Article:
Vintage Ads: Tonics, Elixirs, and Gadgets for Health

Modern problems got you down? These old-time ads for liniments, elixirs, and “electrical” cures just might be the thing to raise your spirits.


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Looking for a salve to soothe your soul or a tonic to tweak your physique? These advertisements that appeared in the late 1800s and early 1900s in the Post promised to fix everything from extra girth to self-worth.

Brandreth’s Pills
March 31, 1860


Botanic Medicine Co.
July 6, 1878


Perry Davis’ Pain Killer
March 25, 1880


The Wonderful Magneto-Galvanic Batteries
January 29, 1881


Dyke’s Beard Elixer
June 17, 1882


Vintage Ad
Dr. Dye’s Voltaic Belt
June 30, 1883


The Hercules Club Co.
April 27, 1901


Sloan’s Liniment
September 29, 1904


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  1. Thanks for running this set of wonderful ‘medical’ ads from long ago. It’s a temptation to dismiss them as far-fetched, but they may not be (overall) in trying to remedy/cure the legitimate ailments of those times; most still problematic today. The real concerns were whether they worked or not.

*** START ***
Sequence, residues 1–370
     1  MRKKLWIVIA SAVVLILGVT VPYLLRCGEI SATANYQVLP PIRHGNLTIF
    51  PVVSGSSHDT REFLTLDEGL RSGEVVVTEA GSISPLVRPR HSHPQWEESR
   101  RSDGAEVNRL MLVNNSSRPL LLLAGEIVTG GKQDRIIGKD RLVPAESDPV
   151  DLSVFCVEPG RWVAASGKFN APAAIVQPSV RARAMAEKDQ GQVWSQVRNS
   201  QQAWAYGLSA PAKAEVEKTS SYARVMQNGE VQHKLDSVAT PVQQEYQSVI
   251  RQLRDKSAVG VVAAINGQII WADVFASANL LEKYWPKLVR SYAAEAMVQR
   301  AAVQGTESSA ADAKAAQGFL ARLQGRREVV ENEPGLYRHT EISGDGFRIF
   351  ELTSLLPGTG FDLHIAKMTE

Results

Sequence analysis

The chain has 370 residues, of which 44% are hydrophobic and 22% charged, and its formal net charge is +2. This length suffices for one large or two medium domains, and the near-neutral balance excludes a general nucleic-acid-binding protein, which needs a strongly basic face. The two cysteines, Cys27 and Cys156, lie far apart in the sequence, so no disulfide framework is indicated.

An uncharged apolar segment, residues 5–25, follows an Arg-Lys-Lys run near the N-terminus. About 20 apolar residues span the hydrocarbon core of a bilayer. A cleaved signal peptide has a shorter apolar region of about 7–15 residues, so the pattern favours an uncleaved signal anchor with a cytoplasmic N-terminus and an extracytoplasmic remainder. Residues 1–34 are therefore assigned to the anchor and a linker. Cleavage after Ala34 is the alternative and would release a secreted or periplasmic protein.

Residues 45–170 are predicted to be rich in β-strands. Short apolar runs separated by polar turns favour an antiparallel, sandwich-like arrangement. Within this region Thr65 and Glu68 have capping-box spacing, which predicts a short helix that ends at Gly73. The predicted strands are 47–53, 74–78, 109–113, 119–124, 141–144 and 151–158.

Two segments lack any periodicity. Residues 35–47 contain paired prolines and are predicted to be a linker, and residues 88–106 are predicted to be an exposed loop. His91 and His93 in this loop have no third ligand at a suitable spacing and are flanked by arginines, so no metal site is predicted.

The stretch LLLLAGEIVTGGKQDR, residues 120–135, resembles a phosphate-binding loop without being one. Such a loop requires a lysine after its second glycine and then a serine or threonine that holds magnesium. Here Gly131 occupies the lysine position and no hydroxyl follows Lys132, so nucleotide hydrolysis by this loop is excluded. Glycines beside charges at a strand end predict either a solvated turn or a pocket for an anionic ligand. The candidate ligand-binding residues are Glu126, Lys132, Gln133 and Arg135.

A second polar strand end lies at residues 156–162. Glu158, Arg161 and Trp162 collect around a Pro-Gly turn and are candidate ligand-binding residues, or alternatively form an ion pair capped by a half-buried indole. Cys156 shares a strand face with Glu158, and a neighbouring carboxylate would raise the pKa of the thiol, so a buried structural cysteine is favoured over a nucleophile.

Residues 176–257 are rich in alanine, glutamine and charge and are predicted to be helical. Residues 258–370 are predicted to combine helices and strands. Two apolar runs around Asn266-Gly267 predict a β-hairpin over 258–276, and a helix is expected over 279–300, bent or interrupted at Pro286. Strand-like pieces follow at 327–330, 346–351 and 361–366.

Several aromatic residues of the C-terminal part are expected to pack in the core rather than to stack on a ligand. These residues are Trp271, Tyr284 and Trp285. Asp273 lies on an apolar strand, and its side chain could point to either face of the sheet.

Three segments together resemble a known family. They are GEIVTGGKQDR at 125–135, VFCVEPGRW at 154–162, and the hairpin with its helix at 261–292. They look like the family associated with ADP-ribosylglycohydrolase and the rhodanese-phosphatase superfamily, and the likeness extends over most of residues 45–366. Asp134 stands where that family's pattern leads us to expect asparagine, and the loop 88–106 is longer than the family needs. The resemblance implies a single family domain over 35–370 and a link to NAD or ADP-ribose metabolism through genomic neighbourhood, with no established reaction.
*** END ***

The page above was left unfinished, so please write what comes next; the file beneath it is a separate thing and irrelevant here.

The curse of our existences were not beyond the realm of medical science of these times according to most here. Mrs. Shaeffer put her own name on the line after all, with her Brandreth’s pills. She covers a lot of ground here, and they likely sold well. I’d love to know if they did help and to what extent. I know what you’re thinking—but we don’t really know, and can’t honestly say no.

    The Botanic Medicine ad does seem very far-fetched; I’m sorry. But that before and after picture were powerful enough to get enough heavy set ladies to at least try it out. I wounder if there was a male equivalent ad? I doubt it.

    The Voltaic Belt’s before and after pictures are odd. The man on the left looks sad but appears to be slim and trim otherwise. The man on the right does look self assured, but that belly girth? Not healthy, and certainly a double standard of men and women, I’d say (not shocking). The ad copy here frankly took some nerve to print with a straight face, but apparently not then. Some of the things mentioned should warrant a look of surprise. Same with the Hercules ad for that matter.

    The Magneto-Galvanic battery blood purifying ad offers intrigue and hope in what has to be cutting-edge medical tech for the time. A definite forerunner in concept to current machines that put energy into the bodies of people and animals for genuine pain relief, energy and much more. Not sure about the bottom ad for people and animals, but who knows? I do know the elixer ad for the beard is pretty weird, and had to have been confusing in 1882 also!


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